LOS ANGELES — Jurors in the upcoming trial of a former BART police officer charged with murdering an unarmed Hayward man can hear about an incident in which police reported the man ran from officers and resisted arrest, a judge ruled Friday.
Superior Court Judge Robert Perry granted a defense motion to allow some details about the criminal history of Oscar Grant III, who was shot in the back and killed on the platform of the Fruitvale station in Oakland on Jan. 1, 2009.
Ex-BART police Officer Johannes Mehserle, 28, has pleaded not guilty to murdering Grant.
The trial was moved from Alameda County to Los Angeles because of widespread media coverage and racial tensions sparked by the case.
Mehserle's attorney, Michael Rains, argued that Grant's prior run-in with the law was relevant to his client's case, although the issue wasn't brought up at length during a preliminary hearing last year.
Perry read from a police report accusing Grant of running from San Leandro officers during a traffic stop in October 2006. He was shot with a Taser stun gun and resisted arrest as officers tried to handcuff him, the report states.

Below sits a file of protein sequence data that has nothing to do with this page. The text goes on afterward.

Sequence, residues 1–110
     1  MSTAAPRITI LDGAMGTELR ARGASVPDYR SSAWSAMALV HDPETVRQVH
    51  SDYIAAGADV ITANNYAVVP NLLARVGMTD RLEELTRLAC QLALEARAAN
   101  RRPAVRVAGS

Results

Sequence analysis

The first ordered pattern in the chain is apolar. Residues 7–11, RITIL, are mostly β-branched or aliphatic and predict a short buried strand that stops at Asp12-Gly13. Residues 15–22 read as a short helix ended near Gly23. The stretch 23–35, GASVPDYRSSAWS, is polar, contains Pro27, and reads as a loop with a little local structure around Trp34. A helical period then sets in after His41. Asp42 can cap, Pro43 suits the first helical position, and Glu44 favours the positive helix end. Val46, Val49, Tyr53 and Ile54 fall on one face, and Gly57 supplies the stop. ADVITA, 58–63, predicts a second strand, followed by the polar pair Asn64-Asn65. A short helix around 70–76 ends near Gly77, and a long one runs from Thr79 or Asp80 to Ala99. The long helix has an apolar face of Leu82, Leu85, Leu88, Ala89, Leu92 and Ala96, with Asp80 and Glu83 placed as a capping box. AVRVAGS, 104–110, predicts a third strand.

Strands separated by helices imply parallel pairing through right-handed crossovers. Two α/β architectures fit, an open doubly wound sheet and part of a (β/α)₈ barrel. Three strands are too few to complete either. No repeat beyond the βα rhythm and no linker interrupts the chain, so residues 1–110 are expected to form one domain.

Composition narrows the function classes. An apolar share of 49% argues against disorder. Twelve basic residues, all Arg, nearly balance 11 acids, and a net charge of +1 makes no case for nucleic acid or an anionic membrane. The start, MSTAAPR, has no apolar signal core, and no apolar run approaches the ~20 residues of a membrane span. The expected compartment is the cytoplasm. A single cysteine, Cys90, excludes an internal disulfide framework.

Authorities suspect Grant was carrying a gun that he tried to get rid of during the foot pursuit. A .380 pistol was found about 20 feet from the site of the arrest.
Perry said the incident would help shed light on Grant for jurors.
"I must allow some evidence of this prior incident," Perry said. "The
Perry, however, refused to allow testimony that Grant, 22, may have had a gun or that he was on probation.
Central questions for jurors involve whether Grant, who was black, was resisting arrest and if Mehserle, who is white, properly used force.
The shooting was videotaped by several bystanders and triggered riots in Oakland. The footage also was shown across the Internet.
Rains has argued Mehserle mistakenly pulled out his handgun instead of his Taser gun before the shooting.
Perry also denied a defense motion to allow police officers to be part of the jury pool. Among his other rulings:
Jury selection is expected to begin June 1, with opening statements on June 14.